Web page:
Impossible tiny fossil found
A type of fossil less than a millimetre long and believed originally to be impossible to find, has been unexpectedly discovered by researchers surveying mudstone samples from Western Canada.
The new fossil is a member of a new species of an animal group known as "Loricifera". It dates from a period called the "Cambrian Explosion" half a billion years ago when early life began to diversify. Leicester University's Tom Harvey and Cambridge University's Nicholas Butterfield, who discovered it, have named the new species Eolorica deadwoodensis, which means ‘ancient corset-animal from rocks of the Deadwood Formation’ as a nod to its origins.
It was whilst surveying "micro-fossils" found in samples of sedimentary rock taken from the cores of hollow drills that Dr Harvey found specks of "mysterious fragments" which aroused his suspicion.
"[They] looked like the back ends of loriciferans, but I told myself it was impossible. Finally, however, I found an exceptionally well-preserved specimen with a fossilised head still in place, proving its identity."
During such surveys, the rock sample is dissolved in a bath of strong, hydrofluoric acid that dissolves most of the minerals leaving behind organic carbon. In a specialised process combining this acid-bath with gentle seiving, tiny fossils can be extracted for observation under a microscope.
Loricifera are tiny pineapple-shaped creatures that live between grains of sand. A bulbous body contains the animal's digestive system, while the head has multiple protruding parts. But because these animals lack bones or any kind of hard shell, scientists had thought it was virtually impossible for them to fossilise. Despite this, the bodies of the loriciferans are encased in a softer material called "cuticle", which in extremely rare cases can also fossilise. "They’re very easy to overlook; even the modern ones weren’t noticed until the 1980s because they’re so tiny," says Harvey.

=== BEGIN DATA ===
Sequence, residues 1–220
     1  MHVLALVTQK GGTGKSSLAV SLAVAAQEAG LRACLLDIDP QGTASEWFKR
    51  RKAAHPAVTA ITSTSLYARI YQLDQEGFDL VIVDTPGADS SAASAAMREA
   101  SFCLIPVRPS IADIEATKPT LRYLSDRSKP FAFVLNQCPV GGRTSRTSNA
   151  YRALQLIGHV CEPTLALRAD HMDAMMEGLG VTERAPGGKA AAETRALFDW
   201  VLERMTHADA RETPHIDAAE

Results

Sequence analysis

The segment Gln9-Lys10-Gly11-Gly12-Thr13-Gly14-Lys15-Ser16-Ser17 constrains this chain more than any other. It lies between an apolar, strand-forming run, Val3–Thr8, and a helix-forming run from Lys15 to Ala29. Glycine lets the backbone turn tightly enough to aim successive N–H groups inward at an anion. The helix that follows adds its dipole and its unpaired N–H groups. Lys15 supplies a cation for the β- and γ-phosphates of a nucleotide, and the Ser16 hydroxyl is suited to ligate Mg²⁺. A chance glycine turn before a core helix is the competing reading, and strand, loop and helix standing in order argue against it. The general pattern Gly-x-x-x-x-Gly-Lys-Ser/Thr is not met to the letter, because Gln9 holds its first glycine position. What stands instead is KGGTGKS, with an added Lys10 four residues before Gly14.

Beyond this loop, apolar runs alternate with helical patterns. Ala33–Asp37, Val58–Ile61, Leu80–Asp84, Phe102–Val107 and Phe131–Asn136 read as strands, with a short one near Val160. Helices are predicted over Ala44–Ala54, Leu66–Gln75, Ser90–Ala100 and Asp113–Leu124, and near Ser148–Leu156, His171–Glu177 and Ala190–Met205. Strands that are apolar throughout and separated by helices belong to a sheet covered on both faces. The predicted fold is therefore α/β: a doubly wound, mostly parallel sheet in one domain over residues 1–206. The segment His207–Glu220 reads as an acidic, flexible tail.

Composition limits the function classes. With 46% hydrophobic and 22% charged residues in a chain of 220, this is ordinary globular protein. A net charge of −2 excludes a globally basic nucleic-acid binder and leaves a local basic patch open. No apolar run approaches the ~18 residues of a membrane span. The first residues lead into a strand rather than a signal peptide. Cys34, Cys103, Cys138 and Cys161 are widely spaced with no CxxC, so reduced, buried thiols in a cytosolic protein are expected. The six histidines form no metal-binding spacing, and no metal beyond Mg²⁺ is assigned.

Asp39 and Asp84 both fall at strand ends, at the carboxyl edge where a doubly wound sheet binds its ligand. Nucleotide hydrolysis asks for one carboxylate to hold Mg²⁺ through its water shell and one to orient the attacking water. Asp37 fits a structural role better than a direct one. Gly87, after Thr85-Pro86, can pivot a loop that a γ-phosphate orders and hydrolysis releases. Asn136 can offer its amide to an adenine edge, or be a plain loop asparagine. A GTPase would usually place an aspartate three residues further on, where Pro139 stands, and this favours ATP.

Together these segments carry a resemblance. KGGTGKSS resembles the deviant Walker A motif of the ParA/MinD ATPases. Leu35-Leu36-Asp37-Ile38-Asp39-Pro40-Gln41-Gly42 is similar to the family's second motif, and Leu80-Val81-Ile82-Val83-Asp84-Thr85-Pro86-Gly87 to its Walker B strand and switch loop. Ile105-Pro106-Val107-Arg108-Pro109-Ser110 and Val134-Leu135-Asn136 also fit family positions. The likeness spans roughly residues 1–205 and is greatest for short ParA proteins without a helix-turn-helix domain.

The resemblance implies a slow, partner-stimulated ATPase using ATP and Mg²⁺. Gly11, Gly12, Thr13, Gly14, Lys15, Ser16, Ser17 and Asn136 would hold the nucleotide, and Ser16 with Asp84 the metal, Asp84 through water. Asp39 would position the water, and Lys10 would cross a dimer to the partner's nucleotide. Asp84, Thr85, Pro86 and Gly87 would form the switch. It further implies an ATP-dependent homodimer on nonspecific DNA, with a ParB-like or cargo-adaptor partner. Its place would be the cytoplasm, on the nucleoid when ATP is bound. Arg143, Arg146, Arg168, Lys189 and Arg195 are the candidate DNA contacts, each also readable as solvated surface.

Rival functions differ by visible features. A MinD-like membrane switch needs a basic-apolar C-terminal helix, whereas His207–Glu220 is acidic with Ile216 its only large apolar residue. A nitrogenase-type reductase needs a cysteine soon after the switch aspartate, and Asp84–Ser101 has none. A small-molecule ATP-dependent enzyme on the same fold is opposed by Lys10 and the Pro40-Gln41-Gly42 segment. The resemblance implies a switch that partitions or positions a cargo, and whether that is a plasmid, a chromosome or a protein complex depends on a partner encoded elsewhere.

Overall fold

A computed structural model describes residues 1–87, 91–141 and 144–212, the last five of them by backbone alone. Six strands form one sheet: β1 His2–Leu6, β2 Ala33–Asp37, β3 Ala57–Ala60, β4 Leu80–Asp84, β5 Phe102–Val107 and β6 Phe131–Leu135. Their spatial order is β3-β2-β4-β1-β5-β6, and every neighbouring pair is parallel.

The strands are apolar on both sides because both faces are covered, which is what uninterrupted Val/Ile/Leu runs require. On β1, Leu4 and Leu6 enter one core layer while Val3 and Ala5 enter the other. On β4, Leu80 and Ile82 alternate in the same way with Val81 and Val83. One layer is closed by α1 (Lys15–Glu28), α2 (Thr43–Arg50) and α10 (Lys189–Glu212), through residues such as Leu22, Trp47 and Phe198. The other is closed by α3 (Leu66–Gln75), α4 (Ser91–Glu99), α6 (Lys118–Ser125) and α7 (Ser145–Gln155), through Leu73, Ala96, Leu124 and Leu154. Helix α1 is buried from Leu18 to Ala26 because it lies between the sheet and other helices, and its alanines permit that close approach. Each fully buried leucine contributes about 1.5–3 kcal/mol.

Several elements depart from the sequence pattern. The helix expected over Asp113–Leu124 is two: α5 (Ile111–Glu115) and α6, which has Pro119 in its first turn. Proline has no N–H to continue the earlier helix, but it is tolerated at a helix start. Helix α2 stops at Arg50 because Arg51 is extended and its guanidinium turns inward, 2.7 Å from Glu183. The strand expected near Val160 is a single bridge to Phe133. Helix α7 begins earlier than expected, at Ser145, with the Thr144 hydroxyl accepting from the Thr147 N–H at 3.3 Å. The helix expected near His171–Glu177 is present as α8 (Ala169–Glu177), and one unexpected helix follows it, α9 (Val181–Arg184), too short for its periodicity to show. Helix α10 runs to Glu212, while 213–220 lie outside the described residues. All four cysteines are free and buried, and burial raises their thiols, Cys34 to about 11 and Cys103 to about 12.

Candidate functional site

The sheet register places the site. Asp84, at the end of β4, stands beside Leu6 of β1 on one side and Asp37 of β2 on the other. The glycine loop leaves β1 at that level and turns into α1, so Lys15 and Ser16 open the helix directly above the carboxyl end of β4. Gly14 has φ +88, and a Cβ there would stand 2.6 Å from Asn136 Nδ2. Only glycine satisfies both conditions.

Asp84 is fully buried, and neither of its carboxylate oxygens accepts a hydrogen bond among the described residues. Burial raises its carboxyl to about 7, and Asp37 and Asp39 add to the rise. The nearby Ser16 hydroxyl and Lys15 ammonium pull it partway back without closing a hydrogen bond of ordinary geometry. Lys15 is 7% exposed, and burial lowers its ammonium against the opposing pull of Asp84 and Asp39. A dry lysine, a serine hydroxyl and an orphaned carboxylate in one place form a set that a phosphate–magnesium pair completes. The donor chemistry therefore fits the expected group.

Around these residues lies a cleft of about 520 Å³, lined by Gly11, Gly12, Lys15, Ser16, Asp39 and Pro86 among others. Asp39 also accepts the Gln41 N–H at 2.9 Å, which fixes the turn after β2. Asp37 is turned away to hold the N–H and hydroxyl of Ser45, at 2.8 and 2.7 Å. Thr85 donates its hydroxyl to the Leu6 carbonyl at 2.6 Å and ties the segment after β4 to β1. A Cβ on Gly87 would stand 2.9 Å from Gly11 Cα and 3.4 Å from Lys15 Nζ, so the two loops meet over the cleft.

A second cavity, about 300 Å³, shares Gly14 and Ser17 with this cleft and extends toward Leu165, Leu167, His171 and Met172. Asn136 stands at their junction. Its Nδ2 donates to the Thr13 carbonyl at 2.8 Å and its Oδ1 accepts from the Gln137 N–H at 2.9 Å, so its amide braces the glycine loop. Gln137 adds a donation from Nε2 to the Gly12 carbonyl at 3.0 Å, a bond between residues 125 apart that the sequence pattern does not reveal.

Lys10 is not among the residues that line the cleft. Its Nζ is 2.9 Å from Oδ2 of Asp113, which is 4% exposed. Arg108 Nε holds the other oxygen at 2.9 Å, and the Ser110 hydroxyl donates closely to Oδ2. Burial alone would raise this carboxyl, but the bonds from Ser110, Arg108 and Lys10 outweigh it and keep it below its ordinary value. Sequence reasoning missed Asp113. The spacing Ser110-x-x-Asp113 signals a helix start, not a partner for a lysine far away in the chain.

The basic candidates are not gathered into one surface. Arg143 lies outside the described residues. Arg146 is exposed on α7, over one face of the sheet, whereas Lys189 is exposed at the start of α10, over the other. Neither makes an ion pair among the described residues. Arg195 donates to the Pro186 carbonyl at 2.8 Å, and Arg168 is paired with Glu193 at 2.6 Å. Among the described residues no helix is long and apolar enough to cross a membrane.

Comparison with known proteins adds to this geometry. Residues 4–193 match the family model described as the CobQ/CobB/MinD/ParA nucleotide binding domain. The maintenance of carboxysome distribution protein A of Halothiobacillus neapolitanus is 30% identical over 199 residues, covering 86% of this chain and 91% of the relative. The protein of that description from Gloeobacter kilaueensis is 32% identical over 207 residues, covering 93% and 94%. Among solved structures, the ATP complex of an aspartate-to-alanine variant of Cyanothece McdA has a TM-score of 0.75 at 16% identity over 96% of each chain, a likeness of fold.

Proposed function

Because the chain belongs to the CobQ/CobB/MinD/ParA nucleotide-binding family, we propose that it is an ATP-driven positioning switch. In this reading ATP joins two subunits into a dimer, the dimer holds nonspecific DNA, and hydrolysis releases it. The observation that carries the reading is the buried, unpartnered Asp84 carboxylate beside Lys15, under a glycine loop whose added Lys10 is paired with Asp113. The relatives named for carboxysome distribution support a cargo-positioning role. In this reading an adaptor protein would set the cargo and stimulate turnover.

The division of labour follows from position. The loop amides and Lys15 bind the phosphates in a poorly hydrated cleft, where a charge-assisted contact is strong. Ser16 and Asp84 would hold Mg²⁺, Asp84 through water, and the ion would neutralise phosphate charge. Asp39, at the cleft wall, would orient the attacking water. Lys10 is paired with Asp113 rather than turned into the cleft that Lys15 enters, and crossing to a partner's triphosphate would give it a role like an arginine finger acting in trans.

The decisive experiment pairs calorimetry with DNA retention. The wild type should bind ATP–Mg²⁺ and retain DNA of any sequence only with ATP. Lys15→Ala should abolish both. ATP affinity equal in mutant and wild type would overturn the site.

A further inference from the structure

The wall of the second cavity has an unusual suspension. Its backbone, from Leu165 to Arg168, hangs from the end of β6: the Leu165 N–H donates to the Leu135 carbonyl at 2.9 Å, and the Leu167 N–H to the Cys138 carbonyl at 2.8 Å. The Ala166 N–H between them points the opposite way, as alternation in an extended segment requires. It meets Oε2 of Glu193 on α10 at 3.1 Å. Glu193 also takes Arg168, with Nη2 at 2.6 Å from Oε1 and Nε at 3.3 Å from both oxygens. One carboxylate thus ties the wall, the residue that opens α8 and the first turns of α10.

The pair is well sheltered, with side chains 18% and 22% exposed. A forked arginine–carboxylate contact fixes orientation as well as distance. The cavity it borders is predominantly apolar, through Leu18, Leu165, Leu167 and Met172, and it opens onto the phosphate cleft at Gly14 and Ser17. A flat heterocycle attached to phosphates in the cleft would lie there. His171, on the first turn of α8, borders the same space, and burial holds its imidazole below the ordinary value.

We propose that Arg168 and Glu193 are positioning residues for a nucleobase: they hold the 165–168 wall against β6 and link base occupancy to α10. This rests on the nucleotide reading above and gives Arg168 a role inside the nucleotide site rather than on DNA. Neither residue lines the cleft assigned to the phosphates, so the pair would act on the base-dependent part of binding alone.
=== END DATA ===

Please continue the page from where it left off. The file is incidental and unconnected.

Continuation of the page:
Even with their miniscule size, loricifera play an important part in the natural world, recycling nutrients in marine ecosystems.
"Unknown to many people, there is a hidden world of tiny animals inhabiting the spaces between sand grains on beaches and under the sea."
In addition to aiding the understanding of modern day ecosystems, a fossilised, adult loriciferan can inform us of the environmental conditions that existed 500 million years ago. Much like today, the evolutionary pressures of catching prey or evading predators were widespread in the animal kingdom.
This biological competition is what drove many species to become larger in size, but the evidence suggests that loriciferans instead bucked this trend and evolved to become smaller, shrinking to spend their entire life cycle in the sediment, although why they did so currently remains a mystery.
At present, it’s difficult to tell whether the fossil is a once-in-a-lifetime find or the beginning of a new research strategy. There is hope that since loricifera shells were found in different sediment samples, such fossils may be more widespread than first thought. “Now we know how to look for it, we can apply this technique to other rocks around the world,” says Harvey.